Welcome to the 11th category of our Tiger Rag High Five, the best-ever baseball player.
A 15-member media panel with a collective 582 years of sports journalism experience picked LSU’s five best athletes, coaches, moments, and individual game and season performances in 21 categories covering all present and past sports.
Voters on the panel were provided information of six to 10 nominees and were asked to rank one through five. The panel voters could also write-in their own candidates.
Scoring was tallied as 5 points for a first-place vote, 4 for second-place, 3 for third-place, 2 for second place and 1 for last-place. Ties were not broken.
LSU’s baseball has won six NCAA national championships, 17 SEC regular season championships and 12 SEC tournament titles.
The winner of the best-ever LSU baseball player is. . .
Todd Walker 55 (6 first-place votes)
2. Ben McDonald 51 (3)
Only LSU baseball player selected No. 1 overall in MLB draft
3. Eddy Furniss 39 (2)
1998 national Player of the Year when he hit .403
4. Aaron Nola 30 (1)
2014 national Pitcher of the Year, combined 23-2 in his last two seasons
5. Alex Bregman 26
First-team All-American shortstop 2015, led LSU to the College World Series
Here’s Walker’s story:
Like most people around the world coping with the coronavirus pandemic the last three months, Todd Walker has been home in Shreveport with his family finding ways to pass the time.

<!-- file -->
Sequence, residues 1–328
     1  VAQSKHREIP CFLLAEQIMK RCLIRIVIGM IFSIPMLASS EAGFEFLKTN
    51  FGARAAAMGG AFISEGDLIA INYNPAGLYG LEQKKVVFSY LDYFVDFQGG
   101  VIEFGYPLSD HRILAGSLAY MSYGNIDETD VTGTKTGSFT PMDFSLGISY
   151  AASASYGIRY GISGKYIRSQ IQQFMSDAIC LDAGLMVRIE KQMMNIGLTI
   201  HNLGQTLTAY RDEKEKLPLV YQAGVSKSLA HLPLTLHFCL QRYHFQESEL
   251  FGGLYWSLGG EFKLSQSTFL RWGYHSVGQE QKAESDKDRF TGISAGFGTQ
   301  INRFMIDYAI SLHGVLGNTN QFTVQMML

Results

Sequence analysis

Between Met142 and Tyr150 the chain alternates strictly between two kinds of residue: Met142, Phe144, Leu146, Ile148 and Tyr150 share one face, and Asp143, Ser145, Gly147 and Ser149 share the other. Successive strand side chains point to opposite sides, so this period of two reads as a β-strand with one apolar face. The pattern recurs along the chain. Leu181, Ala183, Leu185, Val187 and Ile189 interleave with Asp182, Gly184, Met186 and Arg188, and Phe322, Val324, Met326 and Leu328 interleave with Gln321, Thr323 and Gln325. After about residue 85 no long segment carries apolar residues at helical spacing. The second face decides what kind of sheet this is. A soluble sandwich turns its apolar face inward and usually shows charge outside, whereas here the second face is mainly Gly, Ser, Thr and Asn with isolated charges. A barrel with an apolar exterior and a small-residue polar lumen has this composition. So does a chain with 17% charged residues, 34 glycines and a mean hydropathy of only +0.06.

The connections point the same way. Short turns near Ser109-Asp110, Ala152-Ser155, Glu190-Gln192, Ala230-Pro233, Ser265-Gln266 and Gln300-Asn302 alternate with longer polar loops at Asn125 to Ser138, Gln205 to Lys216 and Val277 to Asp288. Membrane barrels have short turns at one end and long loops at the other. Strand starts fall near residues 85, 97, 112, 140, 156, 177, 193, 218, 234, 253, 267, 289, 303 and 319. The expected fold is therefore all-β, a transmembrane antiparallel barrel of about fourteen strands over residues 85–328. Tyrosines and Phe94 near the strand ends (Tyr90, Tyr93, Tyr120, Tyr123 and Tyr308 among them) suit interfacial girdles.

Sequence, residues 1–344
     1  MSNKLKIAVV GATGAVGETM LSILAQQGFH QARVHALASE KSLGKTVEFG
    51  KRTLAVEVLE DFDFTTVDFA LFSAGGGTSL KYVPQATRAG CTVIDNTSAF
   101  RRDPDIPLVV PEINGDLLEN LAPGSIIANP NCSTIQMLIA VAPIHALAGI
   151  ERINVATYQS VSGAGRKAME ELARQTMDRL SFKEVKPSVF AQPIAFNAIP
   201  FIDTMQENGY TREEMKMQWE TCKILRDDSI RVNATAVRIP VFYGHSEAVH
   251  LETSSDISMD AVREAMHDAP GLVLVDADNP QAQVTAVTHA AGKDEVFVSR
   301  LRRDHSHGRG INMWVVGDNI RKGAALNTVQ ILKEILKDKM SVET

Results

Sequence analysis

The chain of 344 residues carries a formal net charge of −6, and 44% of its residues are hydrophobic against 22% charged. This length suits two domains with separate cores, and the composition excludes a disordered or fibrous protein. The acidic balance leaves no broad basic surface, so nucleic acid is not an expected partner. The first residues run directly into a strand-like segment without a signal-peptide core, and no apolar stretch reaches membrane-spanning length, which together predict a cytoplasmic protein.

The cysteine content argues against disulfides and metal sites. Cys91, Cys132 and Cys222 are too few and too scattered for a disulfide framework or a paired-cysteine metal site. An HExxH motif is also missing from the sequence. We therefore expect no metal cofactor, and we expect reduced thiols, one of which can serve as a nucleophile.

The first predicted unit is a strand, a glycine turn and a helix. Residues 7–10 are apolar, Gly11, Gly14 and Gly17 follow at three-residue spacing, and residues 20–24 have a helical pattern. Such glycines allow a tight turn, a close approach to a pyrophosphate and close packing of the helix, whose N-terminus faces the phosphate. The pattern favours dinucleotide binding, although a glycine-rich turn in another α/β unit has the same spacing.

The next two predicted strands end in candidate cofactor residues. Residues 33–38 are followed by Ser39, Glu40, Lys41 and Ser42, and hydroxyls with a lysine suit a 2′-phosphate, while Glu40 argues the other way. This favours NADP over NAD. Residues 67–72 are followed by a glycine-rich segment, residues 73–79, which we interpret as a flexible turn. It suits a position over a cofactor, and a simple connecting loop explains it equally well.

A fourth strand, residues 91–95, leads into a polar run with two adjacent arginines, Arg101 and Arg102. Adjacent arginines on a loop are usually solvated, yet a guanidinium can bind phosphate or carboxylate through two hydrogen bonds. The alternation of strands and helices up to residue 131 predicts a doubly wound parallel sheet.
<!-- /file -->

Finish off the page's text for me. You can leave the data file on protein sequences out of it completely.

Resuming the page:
Normally, Walker, who was chosen Tiger Rag Magazine’s 15-person panel as the greatest baseball player in LSU’s glorious history, spends the spring as an ESPN and SEC Network baseball analyst.
Instead, Walker, never one to idle as evidenced by the fact he has a pilot’s license, is trying new pursuits such as writing, reading books and learning how to play the guitar. He’s playing a lot of tennis, which he has done for years after finding golf was taking too much of his time and not providing enough exercise.
And also, Walker finally got around to looking at some old scrapbooks and photo albums.
It’s where he stumbled across his first recruiting letter from then-LSU coach Skip Bertman dated Feb. 13, 1989 when he was a 15-year old sophomore at Airline High in Bossier City. Bertman wrote “we have a since interest in you and hope that you might consider Louisiana State University.”
“Just getting a letter with LSU letterhead was a big deal,” recalled Walker, who turned 47 on May 25. “I was instantly the most popular guy in school.”
Just more than 28 years later in April 2017 just prior to LSU opening a three-game home series against Ole Miss, Bertman stood proudly on the new Alex Box Stadium infield with a crowd of Walker’s friends, family and former teammates as Walker’s No. 12 jersey number was retired.
“Todd probably had the best three years of anybody in college baseball,” Bertman said.
The numbers don’t lie.
From 1992-94 as LSU’s second baseman starting all 202 games in his three seasons before being drafted after his junior year No. 8 overall by Minnesota, Walker completed his college career batting .396 and was the SEC all-time leader in hits (310), runs (234), RBIs (246) and total bases (557).
He was a two-time first-team All-American, two-time first-team All-SEC, two-time College World Series all-tournament team, the 1993 SEC Player of the Year, the Most Outstanding Player in the ’93 CWS, and 1992 national Freshman on the Year.
During his LSU career, the Tigers played in two CWS and won the national title in ’93, won two SEC regular season championships and an SEC tournament title.
Walker was the Louisiana Class 4A Player of the Year when he arrived in Baton Rouge in the fall of 1991 to join a Tigers’ program coming off their first national championship. When fall practice opened, he was third on the depth chart at second base behind Keyaan Cook and Mike Neal had one goal in mind – don’t strike out.